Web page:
Predicting the Influence of Fat Food Intake on the Absorption and Systemic Exposure of Small Drugs using ANDROMEDA by Prosilico Software
Fagerholm U, Hellberg S, Alvarsson J, Spjuth O.
Predicting the Influence of Fat Food Intake on the Absorption and Systemic Exposure of Small Drugs using ANDROMEDA by Prosilico Software.
bioRxiv. 2022.12.05.519072 (2022). DOI: 10.1101/2022.12.05.519072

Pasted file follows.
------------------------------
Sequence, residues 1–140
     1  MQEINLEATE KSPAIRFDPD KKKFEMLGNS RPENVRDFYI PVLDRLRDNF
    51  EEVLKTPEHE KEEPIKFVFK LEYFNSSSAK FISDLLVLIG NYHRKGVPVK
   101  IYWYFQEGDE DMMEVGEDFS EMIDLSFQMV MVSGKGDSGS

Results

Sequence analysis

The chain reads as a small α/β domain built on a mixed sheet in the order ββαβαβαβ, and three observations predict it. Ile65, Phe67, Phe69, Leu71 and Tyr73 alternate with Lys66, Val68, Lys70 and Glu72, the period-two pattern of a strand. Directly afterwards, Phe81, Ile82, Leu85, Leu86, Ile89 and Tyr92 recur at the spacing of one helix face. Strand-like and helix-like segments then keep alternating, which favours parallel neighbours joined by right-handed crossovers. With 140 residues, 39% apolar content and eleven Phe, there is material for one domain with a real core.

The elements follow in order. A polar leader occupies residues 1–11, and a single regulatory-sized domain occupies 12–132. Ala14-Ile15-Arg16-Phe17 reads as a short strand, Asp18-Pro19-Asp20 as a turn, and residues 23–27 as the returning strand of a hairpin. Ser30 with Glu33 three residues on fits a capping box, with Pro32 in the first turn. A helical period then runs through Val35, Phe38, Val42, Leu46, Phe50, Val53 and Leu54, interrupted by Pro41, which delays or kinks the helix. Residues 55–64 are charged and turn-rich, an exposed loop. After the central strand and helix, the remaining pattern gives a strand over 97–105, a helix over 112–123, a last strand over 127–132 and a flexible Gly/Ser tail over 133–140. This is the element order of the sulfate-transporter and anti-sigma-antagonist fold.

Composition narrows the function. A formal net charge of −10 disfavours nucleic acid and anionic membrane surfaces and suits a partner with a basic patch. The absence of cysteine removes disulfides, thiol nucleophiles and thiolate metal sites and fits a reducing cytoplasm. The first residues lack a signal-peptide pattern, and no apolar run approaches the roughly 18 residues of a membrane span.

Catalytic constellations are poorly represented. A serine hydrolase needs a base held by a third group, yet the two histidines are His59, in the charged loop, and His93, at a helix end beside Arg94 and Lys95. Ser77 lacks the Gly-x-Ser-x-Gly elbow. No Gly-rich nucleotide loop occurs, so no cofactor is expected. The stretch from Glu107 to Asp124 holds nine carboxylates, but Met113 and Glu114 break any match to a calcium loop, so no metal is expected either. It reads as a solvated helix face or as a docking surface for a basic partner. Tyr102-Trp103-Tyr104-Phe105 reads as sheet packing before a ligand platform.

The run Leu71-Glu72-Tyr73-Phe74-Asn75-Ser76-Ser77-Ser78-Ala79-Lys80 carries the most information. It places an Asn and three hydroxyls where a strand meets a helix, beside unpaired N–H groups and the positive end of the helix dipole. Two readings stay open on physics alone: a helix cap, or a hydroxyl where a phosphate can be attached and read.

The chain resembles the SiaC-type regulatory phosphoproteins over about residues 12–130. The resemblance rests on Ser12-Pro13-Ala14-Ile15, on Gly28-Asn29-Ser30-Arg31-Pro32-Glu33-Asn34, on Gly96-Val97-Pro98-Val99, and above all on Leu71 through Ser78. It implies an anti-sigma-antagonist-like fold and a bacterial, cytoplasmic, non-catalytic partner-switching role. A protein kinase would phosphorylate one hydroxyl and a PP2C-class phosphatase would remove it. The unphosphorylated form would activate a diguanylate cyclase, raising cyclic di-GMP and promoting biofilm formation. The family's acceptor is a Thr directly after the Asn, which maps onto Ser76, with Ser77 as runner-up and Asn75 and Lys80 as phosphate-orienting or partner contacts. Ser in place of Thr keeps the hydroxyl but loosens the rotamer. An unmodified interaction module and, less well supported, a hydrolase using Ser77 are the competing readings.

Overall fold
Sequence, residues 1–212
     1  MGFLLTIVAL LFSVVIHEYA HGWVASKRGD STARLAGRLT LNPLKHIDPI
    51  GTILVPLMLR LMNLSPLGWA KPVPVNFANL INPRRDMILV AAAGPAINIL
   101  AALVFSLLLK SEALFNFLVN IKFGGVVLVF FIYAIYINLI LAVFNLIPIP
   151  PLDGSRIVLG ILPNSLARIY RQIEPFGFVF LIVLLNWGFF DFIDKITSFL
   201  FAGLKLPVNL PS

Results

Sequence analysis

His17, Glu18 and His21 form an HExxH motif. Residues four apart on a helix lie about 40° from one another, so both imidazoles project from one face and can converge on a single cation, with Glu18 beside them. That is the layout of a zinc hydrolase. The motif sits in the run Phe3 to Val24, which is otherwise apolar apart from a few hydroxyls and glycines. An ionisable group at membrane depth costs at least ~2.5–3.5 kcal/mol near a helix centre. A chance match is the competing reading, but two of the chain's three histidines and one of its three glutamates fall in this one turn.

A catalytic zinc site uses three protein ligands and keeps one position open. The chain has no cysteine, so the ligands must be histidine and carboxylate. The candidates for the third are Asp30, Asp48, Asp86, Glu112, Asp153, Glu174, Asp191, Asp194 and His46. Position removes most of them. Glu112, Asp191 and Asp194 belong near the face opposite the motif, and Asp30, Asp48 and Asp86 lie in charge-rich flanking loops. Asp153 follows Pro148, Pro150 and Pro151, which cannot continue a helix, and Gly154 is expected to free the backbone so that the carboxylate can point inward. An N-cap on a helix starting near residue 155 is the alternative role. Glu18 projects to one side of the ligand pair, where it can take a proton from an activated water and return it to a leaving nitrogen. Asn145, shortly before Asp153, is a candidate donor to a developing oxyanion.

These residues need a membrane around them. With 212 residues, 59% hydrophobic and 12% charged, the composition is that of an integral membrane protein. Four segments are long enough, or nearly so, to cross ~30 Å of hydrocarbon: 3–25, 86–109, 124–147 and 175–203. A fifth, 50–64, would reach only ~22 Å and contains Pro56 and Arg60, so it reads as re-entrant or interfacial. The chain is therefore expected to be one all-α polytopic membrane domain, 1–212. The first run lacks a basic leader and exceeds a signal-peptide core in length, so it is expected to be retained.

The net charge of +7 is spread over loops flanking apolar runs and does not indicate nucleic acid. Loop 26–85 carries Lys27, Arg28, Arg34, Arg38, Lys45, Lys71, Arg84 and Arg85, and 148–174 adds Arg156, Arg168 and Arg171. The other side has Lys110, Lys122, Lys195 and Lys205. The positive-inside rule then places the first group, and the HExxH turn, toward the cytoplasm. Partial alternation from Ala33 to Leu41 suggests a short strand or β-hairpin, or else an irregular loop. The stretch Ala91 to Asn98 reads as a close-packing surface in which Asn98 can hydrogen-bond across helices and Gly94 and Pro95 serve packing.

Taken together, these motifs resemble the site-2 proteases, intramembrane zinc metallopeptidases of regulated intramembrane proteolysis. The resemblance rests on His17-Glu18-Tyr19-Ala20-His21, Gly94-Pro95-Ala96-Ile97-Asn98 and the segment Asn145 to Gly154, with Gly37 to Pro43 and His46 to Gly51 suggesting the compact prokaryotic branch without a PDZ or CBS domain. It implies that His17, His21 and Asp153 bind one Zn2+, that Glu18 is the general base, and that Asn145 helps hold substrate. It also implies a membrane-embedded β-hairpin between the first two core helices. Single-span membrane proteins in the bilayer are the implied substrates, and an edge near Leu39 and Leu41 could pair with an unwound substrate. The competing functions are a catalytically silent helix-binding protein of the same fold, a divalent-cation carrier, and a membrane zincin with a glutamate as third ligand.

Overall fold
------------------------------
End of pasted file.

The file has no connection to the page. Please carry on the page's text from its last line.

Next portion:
The ANDROMEDA software by Prosilico has previously been successfully applied and validated for predictions of absorption characteristics of small drugs in man. The influence of fat food on the gastrointestinal uptake and systemic exposure of drugs have, however, not yet been evaluated with the software. The main objective was to use ANDROMEDA to predict area under the plasma concentration-time curve ratios in the fed (fat food) and fasted states (AUCfed/AUCfast) for small drugs (including those marketed in 2021) and compare results with corresponding measured clinical estimates. Actual dose sizes were considered. Another objective was to compare the performance of ANDROMEDA vs physiologically based pharmacokinetic (PBPK) modelling and simulations by The Food Effect PBPK IQ Working Group. PBPK results generated using Simcyp and GastroPlus software were based on various physicochemical, in vitro and in vivo data and a decision tree for model verification and optimization. 63 drugs, including 17 new drugs, with observed AUCfed/AUCfast between 0.2 and 5.5 were found and used for this evaluation. Predicted AUCfed/AUCfast had mean and maximum errors of 1.5- and 4.1-fold, respectively, and the predictive accuracy (correlation between predicted and observed AUCfed/AUCfast; Q2) was 0.3. 14 % of predictions had >2-fold error. For 72 % of drugs, food interaction class was correctly predicted. The level of predictive accuracy was overall similar to results obtained with PBPK modelling and simulations, however, with lower maximum error and higher compound coverage. With PBPK models, maximum simulation error was 7.7-fold and 3 highly lipophilic compounds were not possible to simulate. The results validate ANDROMEDA for prediction of fat food-drug interaction size for small drugs in man. Major advantages with the methodology include that prediction results are produced directly from molecular structure and oral dose and are similar to PBPK-simulation results obtained using in vitro and clinical data. Furthermore, ANDROMEDA showed lower maximum errors and wider compound range.